Christian Horner feels Honda had some regret over their official F1 exit

Jamie Woodhouse
Honda branding at Suzuka. Japan, October 2022.

Honda branding down the main straight at Suzuka. Japan, October 2022.

As Honda strengthen their Red Bull presence once more, Christian Horner suspects the Japanese firm felt some regret over their official exit.

It came as quite the surprise when Honda announced that they would depart Formula 1 at the end of 2021, having that season designed a power unit that could put Red Bull and Max Verstappen into title contention.

Honda were leaving to focus on their projects towards carbon neutrality, but really they never truly departed Formula 1 as it was confirmed that Red Bull’s 2022 power unit would come from Honda’s base.

Red Bull Powertrains has since been established as Red Bull take the plunge as an engine manufacturer, though Honda will continue to supply Red Bull until the end of 2025, after which RBP will take over when the new generation of power units are introduced in 2026.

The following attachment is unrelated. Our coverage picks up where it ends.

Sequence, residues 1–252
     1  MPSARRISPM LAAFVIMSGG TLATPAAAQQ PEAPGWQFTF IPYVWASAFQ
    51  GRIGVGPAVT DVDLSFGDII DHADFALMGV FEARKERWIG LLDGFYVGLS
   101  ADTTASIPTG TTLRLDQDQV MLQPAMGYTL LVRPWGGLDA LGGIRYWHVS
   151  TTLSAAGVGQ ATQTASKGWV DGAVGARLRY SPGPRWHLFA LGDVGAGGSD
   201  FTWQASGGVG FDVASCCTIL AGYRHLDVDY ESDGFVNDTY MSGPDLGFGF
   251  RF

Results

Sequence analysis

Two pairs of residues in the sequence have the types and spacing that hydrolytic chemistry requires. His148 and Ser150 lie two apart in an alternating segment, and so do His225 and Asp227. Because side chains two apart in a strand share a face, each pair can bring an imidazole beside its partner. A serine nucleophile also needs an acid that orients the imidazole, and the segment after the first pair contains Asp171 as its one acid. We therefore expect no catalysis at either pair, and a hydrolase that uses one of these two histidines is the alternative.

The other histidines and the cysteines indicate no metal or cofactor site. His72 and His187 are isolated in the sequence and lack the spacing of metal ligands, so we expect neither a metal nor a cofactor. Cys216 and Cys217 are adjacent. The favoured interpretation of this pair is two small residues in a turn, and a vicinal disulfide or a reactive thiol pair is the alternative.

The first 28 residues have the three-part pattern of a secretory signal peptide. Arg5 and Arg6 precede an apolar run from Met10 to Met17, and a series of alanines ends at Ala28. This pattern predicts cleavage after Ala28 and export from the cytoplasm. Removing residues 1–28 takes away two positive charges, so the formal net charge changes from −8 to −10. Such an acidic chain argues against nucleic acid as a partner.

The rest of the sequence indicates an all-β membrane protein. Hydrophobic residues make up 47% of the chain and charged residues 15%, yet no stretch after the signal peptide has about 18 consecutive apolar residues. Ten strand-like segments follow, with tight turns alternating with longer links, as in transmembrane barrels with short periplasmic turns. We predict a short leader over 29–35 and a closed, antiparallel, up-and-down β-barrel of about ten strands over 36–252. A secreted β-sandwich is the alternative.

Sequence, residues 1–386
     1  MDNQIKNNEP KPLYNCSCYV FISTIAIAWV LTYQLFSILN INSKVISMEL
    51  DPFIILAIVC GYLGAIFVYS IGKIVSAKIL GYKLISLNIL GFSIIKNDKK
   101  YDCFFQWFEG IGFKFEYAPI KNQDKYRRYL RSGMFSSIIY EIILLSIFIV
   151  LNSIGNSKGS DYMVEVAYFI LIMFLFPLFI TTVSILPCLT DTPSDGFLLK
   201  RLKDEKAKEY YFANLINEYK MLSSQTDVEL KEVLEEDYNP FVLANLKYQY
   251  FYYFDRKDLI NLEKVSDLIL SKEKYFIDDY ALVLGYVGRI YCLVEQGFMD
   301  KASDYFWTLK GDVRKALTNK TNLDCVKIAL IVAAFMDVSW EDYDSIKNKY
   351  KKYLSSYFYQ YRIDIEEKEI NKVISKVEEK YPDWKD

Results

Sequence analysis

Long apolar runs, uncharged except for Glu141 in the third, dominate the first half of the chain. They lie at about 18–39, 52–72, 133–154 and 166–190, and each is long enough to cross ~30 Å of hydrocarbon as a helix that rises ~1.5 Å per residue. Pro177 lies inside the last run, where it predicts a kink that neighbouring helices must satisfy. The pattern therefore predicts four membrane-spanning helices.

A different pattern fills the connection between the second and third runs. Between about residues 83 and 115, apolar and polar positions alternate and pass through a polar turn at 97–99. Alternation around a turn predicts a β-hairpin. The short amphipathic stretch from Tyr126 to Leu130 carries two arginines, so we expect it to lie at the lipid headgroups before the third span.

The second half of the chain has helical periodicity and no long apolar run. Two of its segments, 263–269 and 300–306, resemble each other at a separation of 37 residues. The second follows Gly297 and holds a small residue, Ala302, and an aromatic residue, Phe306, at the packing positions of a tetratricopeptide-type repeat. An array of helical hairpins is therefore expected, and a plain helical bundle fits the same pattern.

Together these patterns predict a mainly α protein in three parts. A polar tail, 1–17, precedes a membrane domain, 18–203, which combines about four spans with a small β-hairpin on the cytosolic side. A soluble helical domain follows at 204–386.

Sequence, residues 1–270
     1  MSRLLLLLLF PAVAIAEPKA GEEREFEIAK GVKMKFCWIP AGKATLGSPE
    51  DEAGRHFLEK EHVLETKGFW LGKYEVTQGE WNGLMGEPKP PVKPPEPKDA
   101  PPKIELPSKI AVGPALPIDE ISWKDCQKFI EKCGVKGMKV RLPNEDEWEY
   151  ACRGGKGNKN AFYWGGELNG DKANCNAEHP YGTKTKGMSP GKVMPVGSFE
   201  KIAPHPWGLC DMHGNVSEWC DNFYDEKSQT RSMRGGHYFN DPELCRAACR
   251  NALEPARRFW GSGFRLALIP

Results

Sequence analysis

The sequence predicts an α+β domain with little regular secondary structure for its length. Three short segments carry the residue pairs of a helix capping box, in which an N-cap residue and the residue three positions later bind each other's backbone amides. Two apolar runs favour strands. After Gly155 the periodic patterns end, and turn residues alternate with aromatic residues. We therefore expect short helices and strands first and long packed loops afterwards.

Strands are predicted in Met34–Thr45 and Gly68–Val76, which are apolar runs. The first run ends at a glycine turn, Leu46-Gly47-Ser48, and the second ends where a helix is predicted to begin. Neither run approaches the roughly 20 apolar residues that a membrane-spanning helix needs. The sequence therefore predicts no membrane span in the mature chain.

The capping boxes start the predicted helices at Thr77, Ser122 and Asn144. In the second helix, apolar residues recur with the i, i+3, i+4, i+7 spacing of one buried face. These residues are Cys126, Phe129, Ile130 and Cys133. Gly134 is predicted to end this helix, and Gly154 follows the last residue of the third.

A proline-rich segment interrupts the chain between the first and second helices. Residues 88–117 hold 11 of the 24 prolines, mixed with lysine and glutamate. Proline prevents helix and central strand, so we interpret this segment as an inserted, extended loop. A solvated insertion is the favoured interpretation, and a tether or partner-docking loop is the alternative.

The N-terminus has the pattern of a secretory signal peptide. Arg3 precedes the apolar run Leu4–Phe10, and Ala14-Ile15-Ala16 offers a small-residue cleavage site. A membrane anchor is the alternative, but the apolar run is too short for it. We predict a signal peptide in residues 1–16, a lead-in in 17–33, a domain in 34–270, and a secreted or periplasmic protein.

At the Japanese Grand Prix though, Honda ramped up their partnership with Red Bull further, company branding returning to the RB18s and also the AT03s of sister team AlphaTauri.

Red Bull principal Horner feels that Honda, who made their decision to leave during the pandemic, now feel a little regret having seen the growth that Formula 1 is experiencing.

Max Verstappen with the winner's trophy. Suzuka October 2022.
Red Bull driver Max Verstappen walks off the podium holding the trophy. Japan October 2022.

“I think there was an element of regret,” Horner told Channel 4. “I mean, they made that decision during the pandemic. And of course, since then everything in Formula 1 has gone crazy, the interest has never been bigger.

“They have taken a different direction now, they’re fully focused on electrification with their cars.”

And it is this electrical focus which is of interest to Red Bull when it comes to the possibility of a complete Honda reunion.

Red Bull were in talks with Porsche over a partnership, though discussions collapsed since Porsche wanted equal control of Red Bull Technologies, leading to suggestions that Honda could return to the mix.

Horner confirmed that Red Bull and Honda would look at what they could possibly do together from 2026 on the electrical side of the power units, which is set to play a bigger role than as is currently the case.

“We’ve extended our agreement with them now until the end of 2025, they’re doing a wonderful job here,” Horner stated. “And then we’ll talk about ’26, whether there is something we can do on the electrical side of the engine.

“Which is of course 50 percent of the power for 2026.”

Read more – Max Verstappen on Honda: ‘Most people told us we were crazy for working with them’